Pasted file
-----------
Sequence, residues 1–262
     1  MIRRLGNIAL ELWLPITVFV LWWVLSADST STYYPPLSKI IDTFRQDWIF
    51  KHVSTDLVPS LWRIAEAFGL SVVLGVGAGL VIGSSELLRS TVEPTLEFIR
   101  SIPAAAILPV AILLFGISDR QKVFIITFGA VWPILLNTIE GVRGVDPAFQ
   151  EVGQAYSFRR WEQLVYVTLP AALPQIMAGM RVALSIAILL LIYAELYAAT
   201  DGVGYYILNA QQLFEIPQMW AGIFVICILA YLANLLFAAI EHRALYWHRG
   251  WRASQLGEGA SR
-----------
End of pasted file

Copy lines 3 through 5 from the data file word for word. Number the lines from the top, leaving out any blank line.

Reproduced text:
    51  KHVSTDLVPS LWRIAEAFGL SVVLGVGAGL VIGSSELLRS TVEPTLEFIR
   101  SIPAAAILPV AILLFGISDR QKVFIITFGA VWPILLNTIE GVRGVDPAFQ
   151  EVGQAYSFRR WEQLVYVTLP AALPQIMAGM RVALSIAILL LIYAELYAAT